We’re drawn to people………

busy streets 22

 

by Kenneth Justice

~Have you ever noticed that we are often drawn to crowds of people? 

Last night, looking through my window I noticed a ton of my neighbors standing outside on the street corner. I couldn’t help but scuttle outside to see what was going on. Turns out an older dude had gotten sloshed and driven recklessly through the neighborhood. The police caught up with him and arrested him; when they pulled the guy out of his truck he was totally naked! It was quite a hoot, and thankfully the drunk driver didn’t hurt anyone. 

Had I not seen a crowd of people standing outside I might not have ever found out what was going on. 

~ Have you ever noticed that we are often drawn to crowds of people?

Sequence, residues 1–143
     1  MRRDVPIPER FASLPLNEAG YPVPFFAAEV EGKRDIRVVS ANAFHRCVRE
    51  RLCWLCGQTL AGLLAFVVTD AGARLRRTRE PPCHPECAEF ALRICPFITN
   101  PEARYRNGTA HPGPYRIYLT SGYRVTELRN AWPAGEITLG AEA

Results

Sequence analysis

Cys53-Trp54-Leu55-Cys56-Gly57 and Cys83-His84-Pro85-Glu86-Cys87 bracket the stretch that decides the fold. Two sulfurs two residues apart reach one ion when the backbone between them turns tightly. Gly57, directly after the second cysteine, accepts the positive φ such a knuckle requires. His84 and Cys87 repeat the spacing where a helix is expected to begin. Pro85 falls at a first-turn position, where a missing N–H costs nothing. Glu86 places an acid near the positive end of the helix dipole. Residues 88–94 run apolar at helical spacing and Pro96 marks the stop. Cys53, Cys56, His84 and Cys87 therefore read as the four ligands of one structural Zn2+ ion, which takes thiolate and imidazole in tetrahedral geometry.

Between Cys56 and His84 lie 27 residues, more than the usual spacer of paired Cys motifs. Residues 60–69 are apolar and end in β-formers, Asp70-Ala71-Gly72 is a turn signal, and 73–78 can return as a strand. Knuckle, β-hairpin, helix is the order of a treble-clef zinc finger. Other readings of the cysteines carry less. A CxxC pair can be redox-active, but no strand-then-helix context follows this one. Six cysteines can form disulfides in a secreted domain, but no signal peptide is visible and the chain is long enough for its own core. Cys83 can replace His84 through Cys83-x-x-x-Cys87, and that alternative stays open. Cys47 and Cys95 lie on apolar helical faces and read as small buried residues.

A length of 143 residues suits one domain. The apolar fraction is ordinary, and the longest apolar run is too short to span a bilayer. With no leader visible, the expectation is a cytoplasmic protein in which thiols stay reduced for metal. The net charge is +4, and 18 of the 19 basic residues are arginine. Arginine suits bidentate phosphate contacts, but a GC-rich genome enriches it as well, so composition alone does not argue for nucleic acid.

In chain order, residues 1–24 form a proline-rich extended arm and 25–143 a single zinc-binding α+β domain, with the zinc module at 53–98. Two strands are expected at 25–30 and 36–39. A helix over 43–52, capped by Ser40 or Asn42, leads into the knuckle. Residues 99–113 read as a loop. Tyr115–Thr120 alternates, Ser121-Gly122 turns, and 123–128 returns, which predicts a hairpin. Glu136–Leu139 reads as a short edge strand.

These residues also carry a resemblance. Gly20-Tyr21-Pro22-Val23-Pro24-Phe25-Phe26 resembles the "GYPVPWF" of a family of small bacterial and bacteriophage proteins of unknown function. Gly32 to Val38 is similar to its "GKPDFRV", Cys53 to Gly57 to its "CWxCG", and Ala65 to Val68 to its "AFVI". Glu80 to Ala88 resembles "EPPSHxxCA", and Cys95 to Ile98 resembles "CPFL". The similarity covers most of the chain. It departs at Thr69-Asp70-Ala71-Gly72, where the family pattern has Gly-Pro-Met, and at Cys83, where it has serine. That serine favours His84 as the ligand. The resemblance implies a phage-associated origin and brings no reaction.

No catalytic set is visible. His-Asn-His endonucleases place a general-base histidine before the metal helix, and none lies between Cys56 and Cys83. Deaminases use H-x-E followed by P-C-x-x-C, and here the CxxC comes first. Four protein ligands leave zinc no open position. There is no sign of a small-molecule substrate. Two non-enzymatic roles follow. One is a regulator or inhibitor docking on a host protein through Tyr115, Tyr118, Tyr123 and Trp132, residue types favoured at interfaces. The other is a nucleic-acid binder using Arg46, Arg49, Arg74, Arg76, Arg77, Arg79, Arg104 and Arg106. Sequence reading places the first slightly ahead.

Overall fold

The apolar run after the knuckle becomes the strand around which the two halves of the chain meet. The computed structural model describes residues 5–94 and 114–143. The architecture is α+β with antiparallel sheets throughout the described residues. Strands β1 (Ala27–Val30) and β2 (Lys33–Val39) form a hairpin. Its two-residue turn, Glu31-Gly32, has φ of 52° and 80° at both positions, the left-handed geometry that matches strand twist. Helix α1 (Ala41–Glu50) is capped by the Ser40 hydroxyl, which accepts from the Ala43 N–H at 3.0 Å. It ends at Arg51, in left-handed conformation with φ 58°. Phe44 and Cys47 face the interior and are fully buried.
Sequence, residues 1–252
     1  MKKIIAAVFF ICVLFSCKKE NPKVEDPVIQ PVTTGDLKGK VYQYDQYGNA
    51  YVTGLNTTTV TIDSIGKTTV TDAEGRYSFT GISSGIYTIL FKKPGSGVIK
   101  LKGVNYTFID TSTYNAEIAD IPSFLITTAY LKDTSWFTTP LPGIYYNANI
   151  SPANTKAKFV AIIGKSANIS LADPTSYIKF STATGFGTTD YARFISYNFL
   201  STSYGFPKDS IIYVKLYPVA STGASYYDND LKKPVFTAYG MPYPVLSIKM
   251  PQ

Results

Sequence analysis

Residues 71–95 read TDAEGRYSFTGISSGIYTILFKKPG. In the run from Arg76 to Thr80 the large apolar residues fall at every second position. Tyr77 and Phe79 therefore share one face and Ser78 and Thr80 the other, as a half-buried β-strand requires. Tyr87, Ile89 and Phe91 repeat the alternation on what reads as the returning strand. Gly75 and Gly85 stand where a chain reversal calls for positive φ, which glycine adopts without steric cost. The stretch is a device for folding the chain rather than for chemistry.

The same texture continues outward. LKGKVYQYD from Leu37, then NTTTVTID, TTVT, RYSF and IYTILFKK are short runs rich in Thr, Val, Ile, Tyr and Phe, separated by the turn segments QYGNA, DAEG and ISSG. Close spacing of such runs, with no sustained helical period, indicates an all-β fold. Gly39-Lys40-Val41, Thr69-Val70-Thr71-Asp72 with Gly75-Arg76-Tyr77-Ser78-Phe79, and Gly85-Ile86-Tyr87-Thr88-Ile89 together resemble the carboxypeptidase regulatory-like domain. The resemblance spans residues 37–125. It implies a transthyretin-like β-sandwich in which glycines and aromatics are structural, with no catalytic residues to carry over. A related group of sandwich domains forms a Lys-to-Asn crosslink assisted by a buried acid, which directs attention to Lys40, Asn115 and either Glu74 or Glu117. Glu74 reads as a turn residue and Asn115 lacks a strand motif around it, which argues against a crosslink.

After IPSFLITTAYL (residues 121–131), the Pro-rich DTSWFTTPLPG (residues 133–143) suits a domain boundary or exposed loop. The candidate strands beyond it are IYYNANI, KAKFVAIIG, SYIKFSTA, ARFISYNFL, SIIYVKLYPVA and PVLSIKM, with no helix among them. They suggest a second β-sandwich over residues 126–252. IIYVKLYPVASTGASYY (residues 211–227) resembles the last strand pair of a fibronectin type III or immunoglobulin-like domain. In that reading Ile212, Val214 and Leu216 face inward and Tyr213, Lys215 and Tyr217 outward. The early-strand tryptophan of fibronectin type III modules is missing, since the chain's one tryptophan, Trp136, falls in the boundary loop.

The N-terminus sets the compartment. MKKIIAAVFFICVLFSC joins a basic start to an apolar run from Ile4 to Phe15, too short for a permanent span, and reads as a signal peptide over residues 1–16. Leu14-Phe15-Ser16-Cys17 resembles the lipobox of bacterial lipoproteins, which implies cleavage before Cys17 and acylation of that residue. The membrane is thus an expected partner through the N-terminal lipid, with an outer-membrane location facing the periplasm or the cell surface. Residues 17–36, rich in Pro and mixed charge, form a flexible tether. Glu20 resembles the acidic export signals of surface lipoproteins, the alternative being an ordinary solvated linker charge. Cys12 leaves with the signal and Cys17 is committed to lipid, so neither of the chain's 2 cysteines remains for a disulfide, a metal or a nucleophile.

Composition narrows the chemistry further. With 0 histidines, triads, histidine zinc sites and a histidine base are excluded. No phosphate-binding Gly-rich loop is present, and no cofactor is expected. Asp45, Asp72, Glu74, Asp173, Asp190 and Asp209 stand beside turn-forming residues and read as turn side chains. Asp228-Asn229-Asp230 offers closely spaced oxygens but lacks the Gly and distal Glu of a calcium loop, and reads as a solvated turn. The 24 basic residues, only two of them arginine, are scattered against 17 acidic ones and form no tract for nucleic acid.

I’ve walked into restaurants with friends and finding the restaurant to be entirely empty; my friends have made comments like, “This place really blows, look how dead it is in here!” There were a few times where we decided to go to a different restaurant; as though we somehow thought the restaurant didn’t have great food merely because the place was so empty. 

There are some times in life where you want solace; when you want to get away from people and have peace and quiet.

Yet more often than not….we are often drawn to crowds of people. 

–) A crowded movie theater (filled with polite people) is exciting to watch the opening of a new film; the buzz of excitement in the crowd is infectious. 

–) A crowded concert theater adds to the excitement of the music as the musicians are often energized by the buzz of the people. 

–) A crowded stadium contributes to the excitement of post-season baseball or a soccer World Cup game.